Law enforcement testimony suggests Wafer’s firing of the shotgun may have been unintentional, undercutting a legal defense of self-defense.
The State’s case against Wafer proceeded through several more witnesses today, including additional officers on scene as well as dash-cam video from a “Scout” patrol car, witnesses to McBride’s single-vehicle car crash some hours before the shooting, and the 911 dispatcher who took Wafer’s call.
To me the most relevant bits of testimony came at the start and end of the morning, both having to do with the notion that Wafer’s firing of the shotgun was unintentional.
When Dearborn Heights police officer Rory McManmon was testifying with respect to the dash-cam recording, it was revealed that Wafer indicated he didn’t know that there was a round in the shotgun’s chamber.
Similarly, just before the lunch break 911 dispatcher Valentine Pepper testified that Wafer told him over the phone that he fired the shotgun by accident. (This part of the 911 call was not recorded, however, because it occurred when 911 called back Wafer.)
Such testimony is relevant because any indication that a shooting was accidental or inadvertent is very damaging to a self-defense claim. Self-defense is an inherently deliberate act–essentially the defendant is saying, “YES, I shot that person, and they died as a result, but I did so in necessary and lawful self-defense.” An accident, on the other hand, is the opposite of a deliberate act–it’s something you explicitly did not intend to have happen. If you claim one, you generally lose the other.
It’s important to keep in mind that under Michigan law, second degree murder (the most serious of the charges against Wafer) does not require the prosecution to prove any intent to cause death or grave bodily harm (although such proof beyond a reasonable doubt would be sufficient).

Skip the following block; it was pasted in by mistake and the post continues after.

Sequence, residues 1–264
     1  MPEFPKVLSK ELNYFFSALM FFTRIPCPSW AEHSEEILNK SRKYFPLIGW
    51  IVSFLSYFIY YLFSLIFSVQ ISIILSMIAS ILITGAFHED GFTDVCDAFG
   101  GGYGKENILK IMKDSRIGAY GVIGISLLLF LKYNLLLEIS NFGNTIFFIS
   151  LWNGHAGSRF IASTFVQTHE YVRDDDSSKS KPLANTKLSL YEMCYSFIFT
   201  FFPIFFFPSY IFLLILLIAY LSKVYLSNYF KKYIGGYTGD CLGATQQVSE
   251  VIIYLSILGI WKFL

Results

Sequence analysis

Rather, the prosecution need merely convince the jury beyond a reasonable doubt that (1) Wafer caused the death of McBride–a fact not in dispute; and (2) that Wafer knowingly created a very high risk of death or great bodily harm knowing that death or great bodily harm would be the likely result of his actions. Here Judge Dana Hathaway reads the second degree murder instruction to the jury:
OK, folks, that’s it for today. We’ll have more coverage of today’s Wafer trial at day’s end.
[NOTE: Images of trial postings from the live blog of the Detroit Free Press have been removed at their request.]
Andrew F. Branca is an MA lawyer and the author of the seminal book “The Law of Self Defense, 2nd Edition,” available at the Law of Self Defense blog (autographed copies available) and Amazon.com (paperback and Kindle). He holds many state-specific Law of Self Defense Seminars around the country, and produces free online self-defense law educational video- and podcasts at the Law of Self Defense University.DONATE
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